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I would say that my introduction to keeping fit and Strength Training began when i was around 10 years old, where i attended the Andy Smith Boxing Club in the small market town of St Ives in Cambridgeshire.

Andy Smith trained such fighters as Dave "boy" Green (the Fen Tiger), the Hungarian heavyweight fighter Joe Bugner who fought the great Mohamed Ali in 1973 and Joe Frazier in 74.

Another famous Strongman trained at my local recreation centre in St Ives, this was Geoff Capes, I had the unfortunate mishap of calling "Worlds Strongest Man" on my 1st encounter with him, me at age 18, I greeted him with the words "Hello mate!" with which he replied "I'm not your mate, Mates sleep together" I was firmly put in my place, and never called him "mate" again.

Now training with or beside such strongmen is a great inspiration, and obviously not everyone can ever hope to train under such influential athletes.

 Alright i had plenty of aspirations, regard and respect for these people, but at the end of the day, it is down to you to make that crucial decision to train and train hard,but also to find routines and cycles that constantly change every say 10-12 weeks, this does become increasingly difficult to achieve.

Both lee and myself firmly believe in "old fashioned" training techniques, no frills, no cable assisted weights and no heavy cardio, first we must realize that our bodies are designed to perform activity in bursts of exertion followed by recovery (stop and go movement) this tendency can be seen throughout the animal kingdom, where creatures usually display "stop & go" tendencies.

Lets look at one example, imagine the typical "marathon runner"very lean, underweight almost gaunt look, then compare this with the 100 metre sprinters physique, good muscle formation, explosive reflexes, and honed body, the former certainly puts in his share of cardiovascular, running 26 miles, where as your sprinter will practice short burst movements.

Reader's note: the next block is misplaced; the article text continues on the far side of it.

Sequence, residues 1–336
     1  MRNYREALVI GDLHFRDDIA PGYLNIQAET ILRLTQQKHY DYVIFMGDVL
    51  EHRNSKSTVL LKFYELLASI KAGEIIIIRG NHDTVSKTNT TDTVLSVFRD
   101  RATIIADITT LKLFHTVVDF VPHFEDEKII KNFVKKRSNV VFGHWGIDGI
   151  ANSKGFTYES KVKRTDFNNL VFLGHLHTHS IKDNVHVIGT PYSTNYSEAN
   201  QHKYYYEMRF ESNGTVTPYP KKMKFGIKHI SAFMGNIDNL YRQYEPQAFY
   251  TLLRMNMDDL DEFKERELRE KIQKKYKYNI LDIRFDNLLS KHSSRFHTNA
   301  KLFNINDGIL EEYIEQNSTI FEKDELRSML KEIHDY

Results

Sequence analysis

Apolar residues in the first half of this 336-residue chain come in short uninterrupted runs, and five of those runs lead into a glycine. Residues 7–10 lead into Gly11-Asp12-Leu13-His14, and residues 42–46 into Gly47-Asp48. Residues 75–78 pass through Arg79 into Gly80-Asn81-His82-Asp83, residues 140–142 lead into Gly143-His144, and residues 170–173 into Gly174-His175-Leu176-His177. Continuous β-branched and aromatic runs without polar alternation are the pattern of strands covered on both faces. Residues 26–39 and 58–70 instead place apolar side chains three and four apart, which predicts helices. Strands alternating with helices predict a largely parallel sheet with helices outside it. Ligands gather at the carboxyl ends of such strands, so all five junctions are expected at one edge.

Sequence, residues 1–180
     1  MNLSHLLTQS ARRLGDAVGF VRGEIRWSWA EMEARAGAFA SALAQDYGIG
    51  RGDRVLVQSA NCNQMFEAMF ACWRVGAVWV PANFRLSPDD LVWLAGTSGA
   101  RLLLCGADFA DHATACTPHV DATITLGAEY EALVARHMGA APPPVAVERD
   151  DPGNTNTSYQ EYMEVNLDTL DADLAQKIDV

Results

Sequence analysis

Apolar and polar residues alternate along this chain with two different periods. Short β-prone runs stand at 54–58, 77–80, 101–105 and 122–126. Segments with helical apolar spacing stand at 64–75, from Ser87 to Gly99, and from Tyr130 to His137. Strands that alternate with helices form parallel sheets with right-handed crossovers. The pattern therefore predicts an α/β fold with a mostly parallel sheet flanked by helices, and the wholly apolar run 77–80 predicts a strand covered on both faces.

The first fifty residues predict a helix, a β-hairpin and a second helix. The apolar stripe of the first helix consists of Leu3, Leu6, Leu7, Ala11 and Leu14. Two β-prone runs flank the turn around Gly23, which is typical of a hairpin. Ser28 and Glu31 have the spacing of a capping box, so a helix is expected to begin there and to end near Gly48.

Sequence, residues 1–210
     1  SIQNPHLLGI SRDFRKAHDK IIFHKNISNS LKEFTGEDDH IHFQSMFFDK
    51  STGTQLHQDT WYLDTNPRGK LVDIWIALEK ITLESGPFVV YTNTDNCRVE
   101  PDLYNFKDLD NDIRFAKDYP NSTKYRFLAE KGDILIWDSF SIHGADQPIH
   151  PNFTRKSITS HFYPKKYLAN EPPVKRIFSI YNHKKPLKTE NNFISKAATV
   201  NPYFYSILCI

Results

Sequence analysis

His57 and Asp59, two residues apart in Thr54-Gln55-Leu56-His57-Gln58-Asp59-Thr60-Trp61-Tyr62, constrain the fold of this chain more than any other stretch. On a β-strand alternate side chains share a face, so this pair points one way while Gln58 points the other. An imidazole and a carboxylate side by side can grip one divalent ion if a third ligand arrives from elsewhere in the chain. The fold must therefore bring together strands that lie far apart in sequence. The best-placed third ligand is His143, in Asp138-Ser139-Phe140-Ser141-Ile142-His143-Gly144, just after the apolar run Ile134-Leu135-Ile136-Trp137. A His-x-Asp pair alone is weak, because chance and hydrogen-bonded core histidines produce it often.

Lee has been into strength training for as long as he can remember, from being a boy he would always be the strongest amongst a large group of lads, and always proved himself there and then, he has quoted to me on several occasions "it's just in me marc" In other words, he can't help being strong, it's genetics, it's a mindset, it's a package, but it is something that anyone can achieve if they put the effort in. (more effort = more strength, more energy, more muscle).

An Introduction to Kettlebells

A Kettlebell or " Gyra" (Russian) is a traditional russian cast iron weight that looks like a cannonball with a handle. the ultimate tool for extreme alround fitness.

The kettlebell goes way back it 1st appeared in the russian dictionary in 1704. i am currently researching archives from the Scottish highland games which preceed this date and i'm begining to unearth facts of an earlier kettlebell type weight that was used for various exercises whilst certain athletes of the day were in training.


Because  they deliver all-round fitness, no other tool does it better, a kettlebell replaces Barbells, Dumbbells, thick bars, lever bars, belts for weighted pull-ups and dips, medicine ball, grip devices and cardio equipment.


Kettlebells come in "POODS" a pood is an old russian measure of weight, which equals 16kg or roughly 35lbs.

An average man should start with  a 35 pounder.

an average woman should start with an 18-pounder, a strong woman can go for a 26- pounder, some women will advance to a 35-pounder.

If you view my next guide it will show you exercises you can perform with the kettlebell.

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